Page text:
Days after resigning from his job at the city’s new turnaround school, a Teach For America recruit burst back into the school cafeteria, issued a boisterous farewell from the school stage, and threw candy to kids, leaving parents and staff on edge.
The incident took place Tuesday at the Clemente Leadership Academy, the latest school to be handed over to outside management after years of failing test scores.
“I love you!” declared the teacher to his former students, before handing out candy and Häagen-Dazs ice cream.
The teacher was a recent college graduate hired by Renaissance Services LLC, the company that took over the school this fall, according to New Haven Public Schools spokesman Chris Hoffman. The teacher resigned from his job because it wasn’t working out, he said.
Principal Pam Franco she said she needed to check with her company and with the district before discussing what happened.
Because the school was dubbed a “turnaround,” Renaissance got the power to hire and fire teachers at the school, which serves about 500 kids in grades pre-K to 8 on Columbus Avenue in the Hill. Three-quarters of teachers left, and the company got to pick a slew of replacements. The new teaching crew includes five recruits from TFA, a national not-for-profit that aims to lure talented young people into urban and rural classrooms while offering an alternate route to teaching certification.
The teacher who made his dramatic farewell Tuesday was a language arts teacher in charge of the Read 180 program. The teacher had recently stepped down from his post because in the first two months of school, “It became clear both to him and to the school that it really wasn’t working out,” school system spokesman Chris Hoffman said. “He decided at the end of last week to resign.”
The teacher still needed to give his key back, Hoffman said.
Instead of entering through the front door, he appeared at a side door to the cafeteria at 12:25 p.m. Tuesday. Some students let him inside.
“At that point, he got up on the stage, took a mic, and was throwing candy out” to the students, Hoffman said. The teacher also handed out Häagen-Dazs.
Onstage, the teacher started yelling, “I love you kids! I love you all,” according to Ann Boyd, a grandparent at the school. Boyd said several staff and parents called her Tuesday distressed about the incident. She said students congregated around the teacher in search of something sweet to eat.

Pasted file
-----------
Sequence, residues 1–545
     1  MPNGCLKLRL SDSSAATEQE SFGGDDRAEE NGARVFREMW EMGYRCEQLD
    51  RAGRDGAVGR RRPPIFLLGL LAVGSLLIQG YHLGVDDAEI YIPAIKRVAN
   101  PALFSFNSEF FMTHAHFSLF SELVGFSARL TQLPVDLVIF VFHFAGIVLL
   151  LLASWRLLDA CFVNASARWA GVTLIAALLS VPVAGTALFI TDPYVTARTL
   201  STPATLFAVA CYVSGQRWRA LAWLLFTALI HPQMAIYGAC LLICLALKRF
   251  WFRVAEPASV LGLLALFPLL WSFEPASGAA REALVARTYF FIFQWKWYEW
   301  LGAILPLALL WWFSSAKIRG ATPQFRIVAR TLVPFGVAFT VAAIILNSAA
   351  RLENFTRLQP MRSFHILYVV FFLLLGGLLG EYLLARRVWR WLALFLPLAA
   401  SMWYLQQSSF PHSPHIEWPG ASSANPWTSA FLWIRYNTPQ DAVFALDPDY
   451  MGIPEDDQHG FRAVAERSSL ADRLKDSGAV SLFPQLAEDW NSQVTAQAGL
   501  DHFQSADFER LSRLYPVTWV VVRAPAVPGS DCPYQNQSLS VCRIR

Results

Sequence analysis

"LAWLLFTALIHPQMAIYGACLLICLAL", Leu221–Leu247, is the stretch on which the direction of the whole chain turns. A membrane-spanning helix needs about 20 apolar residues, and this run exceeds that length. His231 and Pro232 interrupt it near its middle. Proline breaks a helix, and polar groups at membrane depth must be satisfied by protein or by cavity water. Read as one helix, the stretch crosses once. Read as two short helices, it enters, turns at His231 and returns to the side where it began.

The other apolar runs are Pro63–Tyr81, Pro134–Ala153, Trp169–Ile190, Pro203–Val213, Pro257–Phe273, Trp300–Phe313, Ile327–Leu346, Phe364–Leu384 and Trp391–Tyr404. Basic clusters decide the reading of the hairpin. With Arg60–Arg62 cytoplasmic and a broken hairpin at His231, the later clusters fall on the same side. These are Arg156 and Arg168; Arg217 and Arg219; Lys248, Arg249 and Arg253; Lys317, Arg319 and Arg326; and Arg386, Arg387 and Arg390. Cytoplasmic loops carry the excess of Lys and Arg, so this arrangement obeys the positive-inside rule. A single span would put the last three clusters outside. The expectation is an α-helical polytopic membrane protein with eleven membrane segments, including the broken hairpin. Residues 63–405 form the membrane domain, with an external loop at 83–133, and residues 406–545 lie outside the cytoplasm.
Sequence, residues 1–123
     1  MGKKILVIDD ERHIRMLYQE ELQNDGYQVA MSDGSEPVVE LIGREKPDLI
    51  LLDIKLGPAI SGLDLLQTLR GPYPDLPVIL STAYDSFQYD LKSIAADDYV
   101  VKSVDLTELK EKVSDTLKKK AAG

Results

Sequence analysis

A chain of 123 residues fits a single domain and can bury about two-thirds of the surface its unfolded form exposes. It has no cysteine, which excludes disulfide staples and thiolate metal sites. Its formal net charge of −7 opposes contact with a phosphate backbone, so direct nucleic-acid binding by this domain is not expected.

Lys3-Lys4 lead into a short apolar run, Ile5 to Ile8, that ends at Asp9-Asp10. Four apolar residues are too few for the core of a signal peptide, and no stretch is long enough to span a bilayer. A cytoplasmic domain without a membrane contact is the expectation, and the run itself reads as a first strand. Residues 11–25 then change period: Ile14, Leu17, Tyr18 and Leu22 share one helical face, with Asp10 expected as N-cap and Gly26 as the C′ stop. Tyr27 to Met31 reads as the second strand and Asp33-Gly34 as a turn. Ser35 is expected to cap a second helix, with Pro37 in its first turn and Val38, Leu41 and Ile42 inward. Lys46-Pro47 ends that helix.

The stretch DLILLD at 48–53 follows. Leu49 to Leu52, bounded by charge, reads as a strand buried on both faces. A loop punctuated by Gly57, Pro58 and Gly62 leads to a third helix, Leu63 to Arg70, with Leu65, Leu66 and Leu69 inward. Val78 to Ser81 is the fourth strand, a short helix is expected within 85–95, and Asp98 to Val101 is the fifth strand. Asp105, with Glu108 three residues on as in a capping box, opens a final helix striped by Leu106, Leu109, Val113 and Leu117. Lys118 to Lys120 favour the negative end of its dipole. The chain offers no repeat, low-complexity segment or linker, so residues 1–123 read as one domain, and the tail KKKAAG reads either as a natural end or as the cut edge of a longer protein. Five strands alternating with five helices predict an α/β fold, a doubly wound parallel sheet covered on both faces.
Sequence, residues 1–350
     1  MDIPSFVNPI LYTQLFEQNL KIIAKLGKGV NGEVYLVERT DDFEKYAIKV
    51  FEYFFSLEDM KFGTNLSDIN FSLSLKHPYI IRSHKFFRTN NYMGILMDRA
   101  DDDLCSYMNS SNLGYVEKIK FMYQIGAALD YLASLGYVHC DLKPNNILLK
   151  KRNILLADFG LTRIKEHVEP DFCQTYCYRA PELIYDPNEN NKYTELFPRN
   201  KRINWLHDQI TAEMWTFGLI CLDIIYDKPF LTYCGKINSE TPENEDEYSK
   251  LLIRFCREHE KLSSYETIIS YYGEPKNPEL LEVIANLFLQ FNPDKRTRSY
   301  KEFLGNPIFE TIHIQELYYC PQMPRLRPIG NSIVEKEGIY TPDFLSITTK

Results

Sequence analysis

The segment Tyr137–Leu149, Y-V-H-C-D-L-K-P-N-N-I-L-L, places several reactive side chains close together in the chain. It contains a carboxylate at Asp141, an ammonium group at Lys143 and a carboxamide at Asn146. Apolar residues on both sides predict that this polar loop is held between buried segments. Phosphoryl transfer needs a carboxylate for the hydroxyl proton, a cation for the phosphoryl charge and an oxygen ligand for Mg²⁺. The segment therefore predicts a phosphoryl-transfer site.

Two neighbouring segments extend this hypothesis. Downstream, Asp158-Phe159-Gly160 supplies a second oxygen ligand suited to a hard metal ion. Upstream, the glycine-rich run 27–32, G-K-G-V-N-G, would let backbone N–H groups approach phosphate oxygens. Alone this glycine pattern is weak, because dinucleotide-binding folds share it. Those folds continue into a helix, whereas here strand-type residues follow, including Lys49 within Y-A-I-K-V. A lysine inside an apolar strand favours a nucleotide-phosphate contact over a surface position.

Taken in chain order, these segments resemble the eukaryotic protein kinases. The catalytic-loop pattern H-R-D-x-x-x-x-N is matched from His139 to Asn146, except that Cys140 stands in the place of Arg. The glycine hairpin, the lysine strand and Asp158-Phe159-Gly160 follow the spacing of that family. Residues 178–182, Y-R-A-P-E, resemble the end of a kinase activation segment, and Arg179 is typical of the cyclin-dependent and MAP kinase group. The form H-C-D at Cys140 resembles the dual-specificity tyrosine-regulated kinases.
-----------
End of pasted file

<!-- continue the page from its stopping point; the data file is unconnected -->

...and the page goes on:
School security arrived to the cafeteria and told the teacher to leave, Hoffman said.
“If you’re going to come in the building, you’re going to have to come in like anybody else,” security officers told the teacher, Hoffman said.
The teacher then left the building, returned through the front door, and went into the principal’s office. He gave her two gallons of ice cream and his key to the building, before leaving at 12:45 p.m.
Boyd said after the teacher left the school, he stood across the street and yelled, “I love you all,” then took a small object out of his pocket.
“He has a gun!” people yelled, according to Boyd. The object turned out not to be a gun.
Hoffman said the school principal did not see the teacher make a scene outside the school. No students were injured, he said.
“We’re shocked to hear about the incident and fully support the district’s handling of the situation,” Danielle Montoya, a spokeswoman for TFA, said Tuesday. “The individual’s behavior was completely unacceptable.”
The farewell-er was a first-year teacher who had just finished TFA’s training over the summer. Hoffman said the teacher went through an “extensive vetting process” through TFA, and spent the summer teaching in a district similar to New Haven in New York state.
Edna Novak, who coordinates the TFA program in Connecticut, said the summer session went well and the organization saw nothing to foreshadow Tuesday’s behavior.
The teacher met the selection criteria for TFA and “participated successfully in the training over the summer,” Novak said. “I’m not sure what led to his actions today, but I think that there’s an element of human behavior that is out of our control.”
After he completed his TFA training, Renaissance then interviewed the teacher twice and checked his references before hiring him, Hoffman said.
Hiring decisions are up to the school, TFA’s Novak noted. The teacher applied with Renaissance, and “ultimately they felt like he would be a strong fit for that position.”
Novak said as soon as the teacher was “let go” from the district, he was removed as a TFA corps member.
Boyd said staff and parents are worried he’ll return Wednesday, and about a potential threat to students’ safety.
“What if it wasn’t ice cream?” she asked. “What if the ice cream was poison? What if he had a gun?”
According to Principal Franco’s description, that scenario was not likely. “He wasn’t of a harmful nature,” she said.